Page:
The government today unveiled a support package it claims will help legal aid practitioners weather the coronavirus pandemic while maintaining access to justice.
The Ministry of Justice acknowledged that measures to protect court users, the judiciary and lawyers – such as consolidating work into fewer buildings and pausing jury trials – has caused subsequent delays in cases progressing through the justice system and a reduction in new cases.
As a result, additional measures have been introduced to help legal aid practitioners ‘manage their funds in the short term’.
Hardship payments for Crown court cases, whereby lawyers would be paid before a case ended, will be easier to access. The threshold for work done was previously £5,000 – this has now been reduced to £1,000. The case also had to last six months but the timescale for this will be reduced.
Payments for virtual hearings in appeals before the mental health tribunal, and remote advice in police custody, will be increased so that they are in line with in-person hearings. The Legal Aid Agency will pause pursuing outstanding debt.
Lord chancellor Robert Buckland said he wanted to express his sincere gratitude to the legal aid practitioners ‘who have shown immense flexibility and determination throughout this outbreak’.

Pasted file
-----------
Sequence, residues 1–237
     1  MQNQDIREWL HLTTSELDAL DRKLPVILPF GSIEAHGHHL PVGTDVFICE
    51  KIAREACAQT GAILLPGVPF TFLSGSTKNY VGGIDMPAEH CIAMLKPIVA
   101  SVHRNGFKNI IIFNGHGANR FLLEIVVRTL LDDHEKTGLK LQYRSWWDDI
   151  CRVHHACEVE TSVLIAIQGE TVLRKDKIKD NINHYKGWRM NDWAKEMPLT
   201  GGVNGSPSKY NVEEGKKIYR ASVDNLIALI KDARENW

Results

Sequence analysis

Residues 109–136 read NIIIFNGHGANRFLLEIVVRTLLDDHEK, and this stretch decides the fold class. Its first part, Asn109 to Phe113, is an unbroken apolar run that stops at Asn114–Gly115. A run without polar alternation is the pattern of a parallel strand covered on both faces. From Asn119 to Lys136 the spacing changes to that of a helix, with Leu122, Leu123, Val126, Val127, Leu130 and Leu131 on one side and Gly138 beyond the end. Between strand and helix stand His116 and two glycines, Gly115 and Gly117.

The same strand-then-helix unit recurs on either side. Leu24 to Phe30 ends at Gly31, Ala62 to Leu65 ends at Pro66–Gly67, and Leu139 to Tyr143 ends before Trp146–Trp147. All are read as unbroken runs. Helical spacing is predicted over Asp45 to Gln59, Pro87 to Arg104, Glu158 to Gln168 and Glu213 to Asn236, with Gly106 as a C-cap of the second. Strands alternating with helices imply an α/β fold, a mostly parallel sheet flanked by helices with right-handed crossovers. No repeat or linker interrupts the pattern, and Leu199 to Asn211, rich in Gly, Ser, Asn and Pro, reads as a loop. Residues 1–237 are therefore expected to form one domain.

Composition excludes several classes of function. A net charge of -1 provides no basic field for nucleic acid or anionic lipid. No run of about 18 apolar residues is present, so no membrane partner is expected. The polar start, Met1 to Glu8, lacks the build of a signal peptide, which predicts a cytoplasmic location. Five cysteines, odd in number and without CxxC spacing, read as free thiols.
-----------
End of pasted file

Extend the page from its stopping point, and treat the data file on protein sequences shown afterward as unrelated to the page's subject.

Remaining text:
Buckland said: ‘These measures are a clear indication of their important status both in times of crisis and beyond and the role they play in ensuring the justice system continues to function effectively. I will continue to work with the sector to ensure that the most vulnerable in society are provided with the representation and support they need through our legal aid system.’
The Law Society welcomed the government’s efforts to help solicitors make payment claims earlier than they usually would. However, whether the response is adequate depends on how quickly the police and courts can find new ways of handling more routine work and maintain a volume of cases.
Simon Davis, president, said: ‘It will also depend to what extent, if and when some form of normality resumes, workload increases above their pre-crisis levels - enabling practitioners to recover lost income. This cannot be presumed. Even if so, it would require practitioners to incur significant additional costs long before they see such an increase. Thus there is significantly more that needs to be done to ensure the criminal defence sector is able to make it through this crisis.
‘It is vital that the LAA processes claims as quickly as possible whilst avoiding technical objections. The MoJ must keep its door open and respond urgently to any further feedback from the profession about the measures needed to enable practices to survive.’
Amanda Pinto QC, chair of the Bar Council, said today’s measures ‘will have little impact on the many criminal legal aid barristers whose livelihood depends on conducting important criminal trials. The changes, albeit made in a spirit of helpfulness, will have no effect on the overwhelming majority of criminal barristers’.
*The Law Society is keeping the coronavirus situation under review and monitoring the advice it receives from the Foreign & Commonwealth Office and Public Health England.